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Ceremony to remember the day Spitfire crashed in Birkenhead Park
A special service will be held next week to remember the day 70 years ago when an RAF Spitfire fighter plane crash landed in Birkenhead Park.
It was on October 14, 1942, when American serviceman Douglas Cooper Goudie took off from RAF Hawarden on a test flight in a Mark IIa Spitfire.
The aircraft got into difficulties over Liverpool but the pilot managed to eject, landing safely in Dingle with no more than a sprained ankle.
His plane, however, continued on over the River Mersey and many watched with terror as it slowly came down over Birkenhead, eventually plunging into a field within the park known as Night Pasture. Mercifully, no-one was injured.
Incredibly, much of the wreckage, including the engine and much of the cockpit instrumentation, remained buried in the field until five years ago when an excavation team from the Warplane Wreck Investigation Group mounted a salvage operation.
The engine is now on display alongside other war plane artefacts at Fort Perch Rock in New Brighton, which is managed by Doug Darroch, whose father Doug Darroch Snr witnessed the crash itself in 1942.
Doug was one of the driving forces behind the excavation of the wreckage.
Steve Hutchinson, vice-chairman of the Birkenhead Branch of The Royal British Legion, said: “This is part of our living history and there will be people out there who were alive at the time it happened or who even may have witnessed it.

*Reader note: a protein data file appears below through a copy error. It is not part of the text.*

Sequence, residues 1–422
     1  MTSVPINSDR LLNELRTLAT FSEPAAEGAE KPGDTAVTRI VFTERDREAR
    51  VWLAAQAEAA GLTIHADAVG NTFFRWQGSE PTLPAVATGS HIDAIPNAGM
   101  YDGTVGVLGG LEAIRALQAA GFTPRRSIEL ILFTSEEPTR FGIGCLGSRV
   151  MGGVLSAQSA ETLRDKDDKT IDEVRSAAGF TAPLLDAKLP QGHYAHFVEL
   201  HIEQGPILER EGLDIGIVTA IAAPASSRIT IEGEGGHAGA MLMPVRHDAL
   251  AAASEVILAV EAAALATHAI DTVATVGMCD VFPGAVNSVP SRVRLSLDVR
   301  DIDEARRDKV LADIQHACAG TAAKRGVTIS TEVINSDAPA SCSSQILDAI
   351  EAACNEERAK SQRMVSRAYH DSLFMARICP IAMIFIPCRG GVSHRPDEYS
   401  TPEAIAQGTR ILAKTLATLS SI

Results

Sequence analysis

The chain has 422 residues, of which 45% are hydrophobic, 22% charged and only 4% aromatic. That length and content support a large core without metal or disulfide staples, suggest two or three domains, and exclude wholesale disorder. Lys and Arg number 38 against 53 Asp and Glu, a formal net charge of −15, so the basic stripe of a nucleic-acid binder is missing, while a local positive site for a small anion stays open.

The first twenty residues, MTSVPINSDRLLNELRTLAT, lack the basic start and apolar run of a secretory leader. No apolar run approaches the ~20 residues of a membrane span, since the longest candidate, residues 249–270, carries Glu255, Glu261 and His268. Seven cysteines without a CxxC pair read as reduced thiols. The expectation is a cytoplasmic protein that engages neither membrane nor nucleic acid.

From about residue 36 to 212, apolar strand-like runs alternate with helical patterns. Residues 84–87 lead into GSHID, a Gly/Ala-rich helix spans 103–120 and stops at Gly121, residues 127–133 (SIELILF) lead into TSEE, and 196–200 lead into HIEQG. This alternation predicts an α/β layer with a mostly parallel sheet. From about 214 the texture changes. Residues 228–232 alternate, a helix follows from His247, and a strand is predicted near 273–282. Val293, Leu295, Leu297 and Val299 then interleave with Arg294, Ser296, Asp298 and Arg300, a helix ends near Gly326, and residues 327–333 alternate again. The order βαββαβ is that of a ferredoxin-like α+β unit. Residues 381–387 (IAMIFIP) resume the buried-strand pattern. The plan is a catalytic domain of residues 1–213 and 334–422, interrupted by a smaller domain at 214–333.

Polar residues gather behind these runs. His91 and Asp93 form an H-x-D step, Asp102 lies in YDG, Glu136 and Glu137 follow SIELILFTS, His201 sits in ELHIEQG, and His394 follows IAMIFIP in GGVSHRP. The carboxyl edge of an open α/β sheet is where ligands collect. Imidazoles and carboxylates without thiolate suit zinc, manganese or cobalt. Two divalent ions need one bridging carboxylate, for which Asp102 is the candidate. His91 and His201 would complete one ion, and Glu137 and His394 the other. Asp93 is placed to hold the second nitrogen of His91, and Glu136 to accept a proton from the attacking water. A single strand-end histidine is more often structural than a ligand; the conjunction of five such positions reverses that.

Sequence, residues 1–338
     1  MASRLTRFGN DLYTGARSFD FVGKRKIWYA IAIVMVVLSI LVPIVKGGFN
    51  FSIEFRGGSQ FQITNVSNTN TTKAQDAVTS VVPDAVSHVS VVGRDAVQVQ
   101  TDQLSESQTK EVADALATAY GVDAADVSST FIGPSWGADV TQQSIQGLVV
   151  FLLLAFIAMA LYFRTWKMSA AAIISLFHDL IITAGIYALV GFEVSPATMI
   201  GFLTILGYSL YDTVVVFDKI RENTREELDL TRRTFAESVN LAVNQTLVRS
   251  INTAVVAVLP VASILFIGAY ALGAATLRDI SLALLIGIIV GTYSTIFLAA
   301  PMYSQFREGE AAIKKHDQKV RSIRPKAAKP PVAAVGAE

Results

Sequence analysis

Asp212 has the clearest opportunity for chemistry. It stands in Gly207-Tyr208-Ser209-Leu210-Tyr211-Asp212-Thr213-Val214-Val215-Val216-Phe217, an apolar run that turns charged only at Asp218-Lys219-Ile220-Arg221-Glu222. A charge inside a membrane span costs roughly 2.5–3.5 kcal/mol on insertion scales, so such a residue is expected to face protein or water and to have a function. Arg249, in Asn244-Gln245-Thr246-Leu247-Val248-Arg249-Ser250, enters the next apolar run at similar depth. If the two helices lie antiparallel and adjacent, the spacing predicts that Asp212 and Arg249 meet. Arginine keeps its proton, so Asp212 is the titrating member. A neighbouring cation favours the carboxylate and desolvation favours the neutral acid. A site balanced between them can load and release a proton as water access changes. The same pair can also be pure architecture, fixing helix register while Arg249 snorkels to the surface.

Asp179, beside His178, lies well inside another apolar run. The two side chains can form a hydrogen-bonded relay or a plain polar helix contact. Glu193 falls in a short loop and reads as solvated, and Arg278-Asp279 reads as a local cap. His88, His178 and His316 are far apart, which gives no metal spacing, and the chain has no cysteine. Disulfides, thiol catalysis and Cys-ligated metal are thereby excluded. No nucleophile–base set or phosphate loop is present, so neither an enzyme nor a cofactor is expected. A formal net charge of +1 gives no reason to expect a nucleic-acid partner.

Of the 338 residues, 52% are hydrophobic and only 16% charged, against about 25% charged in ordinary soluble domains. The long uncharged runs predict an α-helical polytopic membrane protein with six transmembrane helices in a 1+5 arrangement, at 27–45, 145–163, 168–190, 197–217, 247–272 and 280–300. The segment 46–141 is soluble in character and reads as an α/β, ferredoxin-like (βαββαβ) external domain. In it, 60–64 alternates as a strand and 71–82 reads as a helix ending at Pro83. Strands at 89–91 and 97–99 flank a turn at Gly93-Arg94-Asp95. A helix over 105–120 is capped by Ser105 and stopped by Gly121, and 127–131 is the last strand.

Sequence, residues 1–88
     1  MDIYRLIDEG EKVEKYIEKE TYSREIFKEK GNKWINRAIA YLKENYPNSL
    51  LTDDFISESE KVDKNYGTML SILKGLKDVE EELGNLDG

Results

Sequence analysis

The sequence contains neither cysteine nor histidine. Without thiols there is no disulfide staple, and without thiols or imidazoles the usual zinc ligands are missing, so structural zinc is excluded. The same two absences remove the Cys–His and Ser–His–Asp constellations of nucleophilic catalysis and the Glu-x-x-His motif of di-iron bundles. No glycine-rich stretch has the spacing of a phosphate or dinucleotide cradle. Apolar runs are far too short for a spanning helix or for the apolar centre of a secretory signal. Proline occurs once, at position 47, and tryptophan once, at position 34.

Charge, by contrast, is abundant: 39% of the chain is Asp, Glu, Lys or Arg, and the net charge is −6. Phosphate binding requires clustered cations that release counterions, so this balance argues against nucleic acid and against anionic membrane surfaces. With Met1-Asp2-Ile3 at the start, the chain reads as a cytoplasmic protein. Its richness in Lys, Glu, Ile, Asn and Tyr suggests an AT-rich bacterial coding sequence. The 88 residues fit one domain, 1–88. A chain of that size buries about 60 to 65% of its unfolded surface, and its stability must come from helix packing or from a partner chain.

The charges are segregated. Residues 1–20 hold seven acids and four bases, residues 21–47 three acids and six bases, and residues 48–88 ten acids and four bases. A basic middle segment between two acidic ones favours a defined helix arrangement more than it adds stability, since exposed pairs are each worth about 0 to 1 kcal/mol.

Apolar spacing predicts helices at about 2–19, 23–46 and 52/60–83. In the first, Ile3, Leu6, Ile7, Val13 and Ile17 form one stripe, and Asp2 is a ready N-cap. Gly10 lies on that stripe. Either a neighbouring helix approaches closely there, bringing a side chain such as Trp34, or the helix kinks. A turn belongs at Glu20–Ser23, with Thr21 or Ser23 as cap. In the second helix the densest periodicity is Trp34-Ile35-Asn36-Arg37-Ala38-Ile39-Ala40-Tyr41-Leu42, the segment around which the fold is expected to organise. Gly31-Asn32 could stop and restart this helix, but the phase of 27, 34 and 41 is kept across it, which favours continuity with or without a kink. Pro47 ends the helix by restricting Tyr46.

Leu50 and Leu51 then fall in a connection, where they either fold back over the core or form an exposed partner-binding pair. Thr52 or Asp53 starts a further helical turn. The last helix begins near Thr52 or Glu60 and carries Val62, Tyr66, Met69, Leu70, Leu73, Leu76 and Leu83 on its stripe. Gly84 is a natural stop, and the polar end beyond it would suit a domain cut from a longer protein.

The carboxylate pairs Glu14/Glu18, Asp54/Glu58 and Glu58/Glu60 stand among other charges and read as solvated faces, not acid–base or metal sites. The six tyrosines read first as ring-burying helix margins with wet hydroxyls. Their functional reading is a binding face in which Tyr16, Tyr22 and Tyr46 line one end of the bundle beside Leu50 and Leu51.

“We are expecting all kinds of people to turn out on the day from families to war veterans. It is very important to preserve this piece of history for future generations and keep the memory alive.”
The 70th anniversary of the crash will be marked by a memorial service at the crash site at 2.30pm.
This will be followed by light refreshments at the Birkenhead Branch of the Royal British Legion and in the evening there will be a concert from the Royal Air Force Regiment Band at the Floral Pavilion in New Brighton.
This is the first concert by an RAF band in the new Pavilion and all proceeds will go to the Royal British Legion Birkenhead Branch Poppy Appeal 2012.
The pilot, Douglas Cooper Goudie, flew back over the Atlantic after the war but his family are in touch with Fort Perch Rock and may attend the anniversary celebrations.
Tickets cost £12 and are available from the Floral Pavilion on 0151 666 000 or www.floralpavilion.com.
For more information contact Birkenhead Park Visitor Centre on 0151 652 5197 or email firstname.lastname@example.org